Beauty Link - Volume 4, Issue 1 - (Page 47)
Communication and Technique Matter
YOU’VE PROBABLY HEARD THE SAYING, “When in Rome, do as the Romans do.” As the world becomes increasingly global, it is important for professionals in the beauty industry to understand not only the techniques for addressing various ethnic skin and hair concerns, but how to effectively communicate and collaborate with individuals from other cultures. Cultural competence can provide hairstylists with relationship skills that offer them an advantage whether they’re competing for a job in a salon with a diverse clientele, or working with international beauty experts. Cultural competency doesn’t require speaking multiple languages, but includes respecting cultural norms such as appropriate greetings, style of dress and whether to use someone’s title or ﬁ rst name.
Cultural competency doesn’t require speaking multiple languages, but includes respecting cultural norms...
Cultural Competency and Business Etiquette
The website www.executiveplanet.com provides information on business etiquette in dozens of countries. For example: Is your school giving a tour to a prospective student from Japan? By visiting www. executiveplanet.com, you would learn that the generous use of compliments is considered appropriate by the Japanese, but that any compliments received should be treated with a humble reply. Are you travelling to Brazil? You should know that Brazilians welcome spontaneity but that the English “OK” sign is considered an obscene gesture. Appearance is very important to Brazilians in large cities like Sao Paulo. Brazilians will notice if a man’s shoes need polished or if a woman’s outﬁt does not look feminine and fashion forward. Pucker up if you’re traveling to Europe where most cultures consider a two-cheeked kiss an acceptable greeting by both men and women. As the beauty industry is increasingly driven by relationships and globalization, cultural competency can help beauty professionals communicate more effectively and banish any perceptions of “the ugly American.”
www.executiveplanet.com This website provides information on business etiquette in dozens of countries.
Expert Perspectives on Working with Asian Hair
Of course, cultural competency is no substitute for great technique, and every ethnicity has its own styling challenges. Laara Raynier is a hairstylist at the Warren Tricomi Salon in New York City. She began her hair cutting career on Asian models, training under
Richard Thompson, a legendary stylist with Barney’s New York City. “Asian hair is the hardest hair type on which to cut a bob style. Many Asian women have challenging hairlines. Sometimes this type of hair grows at a 90 degree angle and the hair’s weight makes it hard to lie ﬂat,” says Raynier who advises that practice is the best way to master cutting Asian hair. Raynier says it’s important to select the right product based upon the type of hairstyle one is creating on Asian hair. “When doing ﬁ nger waves or creating a sleek ponytail from wet hair, I recommend using a gel to maximize the beauty of Asian hair,” Raynier says. Some hairstyles work best with little or no product applied, particularly the bob style. When properly cut, Asian hair is uniquely suited to leverage the swing and motion that makes this type of hair so beautiful and any product that interferes with movement will detract from the beauty of this style, according to Raynier. L’Oréal Professional Master Session Artist Joseph DiMaggio notes that the thickness of Asian hair can limit options, but that it is one of the best hair types to pin straight. He also notes that the brilliance and texture of Asian hair often demand little more than a good working hairspray. “Products with heavy concentrations of oils should be avoided, as they can detract from the beauty and swing of Asian hair,” he notes.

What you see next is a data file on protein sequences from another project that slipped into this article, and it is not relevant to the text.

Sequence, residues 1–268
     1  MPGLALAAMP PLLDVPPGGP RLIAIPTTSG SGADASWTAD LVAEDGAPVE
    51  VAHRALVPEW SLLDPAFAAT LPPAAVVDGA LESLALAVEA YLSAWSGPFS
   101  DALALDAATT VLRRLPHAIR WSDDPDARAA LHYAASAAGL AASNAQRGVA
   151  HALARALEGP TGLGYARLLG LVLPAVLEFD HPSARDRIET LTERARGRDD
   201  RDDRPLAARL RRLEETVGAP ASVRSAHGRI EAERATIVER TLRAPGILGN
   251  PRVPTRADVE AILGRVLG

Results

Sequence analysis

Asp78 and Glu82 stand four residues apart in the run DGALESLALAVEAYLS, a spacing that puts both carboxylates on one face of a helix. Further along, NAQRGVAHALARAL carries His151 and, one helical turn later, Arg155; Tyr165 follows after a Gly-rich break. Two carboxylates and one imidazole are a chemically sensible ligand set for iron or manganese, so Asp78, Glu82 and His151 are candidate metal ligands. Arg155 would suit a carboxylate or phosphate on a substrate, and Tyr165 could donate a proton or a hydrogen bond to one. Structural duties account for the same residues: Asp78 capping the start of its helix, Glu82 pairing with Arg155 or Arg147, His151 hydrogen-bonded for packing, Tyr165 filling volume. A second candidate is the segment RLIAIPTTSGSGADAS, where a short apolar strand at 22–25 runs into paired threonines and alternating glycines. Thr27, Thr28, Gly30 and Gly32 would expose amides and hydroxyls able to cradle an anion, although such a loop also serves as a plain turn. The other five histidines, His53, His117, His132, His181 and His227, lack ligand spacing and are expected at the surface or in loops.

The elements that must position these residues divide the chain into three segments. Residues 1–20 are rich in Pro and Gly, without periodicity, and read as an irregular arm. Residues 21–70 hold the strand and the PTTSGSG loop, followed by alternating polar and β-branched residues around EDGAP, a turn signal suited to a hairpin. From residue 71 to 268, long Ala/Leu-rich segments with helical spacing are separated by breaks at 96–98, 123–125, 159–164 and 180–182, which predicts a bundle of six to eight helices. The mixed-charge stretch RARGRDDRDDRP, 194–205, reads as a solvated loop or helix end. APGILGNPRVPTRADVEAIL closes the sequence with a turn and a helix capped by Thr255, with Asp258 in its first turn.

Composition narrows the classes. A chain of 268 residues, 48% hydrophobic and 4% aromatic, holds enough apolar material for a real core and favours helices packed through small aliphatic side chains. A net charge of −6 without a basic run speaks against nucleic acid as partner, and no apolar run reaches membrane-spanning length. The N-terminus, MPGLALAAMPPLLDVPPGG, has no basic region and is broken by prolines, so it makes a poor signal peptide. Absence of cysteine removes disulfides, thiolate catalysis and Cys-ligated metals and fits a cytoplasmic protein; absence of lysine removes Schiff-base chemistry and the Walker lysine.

If you have a multicultural story you’d like to share, the team at BeautyLink would love to hear from you. Write to us at firstname.lastname@example.org.
Susan Miller is the editorial director for BeautyLink magazine.
BY SUSAN MILLER
BE AUT YLIN K | CO L L ABO RAT IO N | 20 1 2 |
Table of Contents for the Digital Edition of Beauty Link - Volume 4, Issue 1
Message from the AACS President and CEA Chair
Workings of Washington
A Trade Show Workout
Building a Bulletproof School
The Art of Edutainment
Beyond the Fluff
And Then There's Compliance
Beauty Changes Lives
Spring Operations Conference Info
AACS Is Connecting Members
Associate Member Profiles: Collections
People & Places
New Products & Services
New School Members
Upcoming 2012 Events
Index to Advertisers
Beauty Link - Volume 4, Issue 1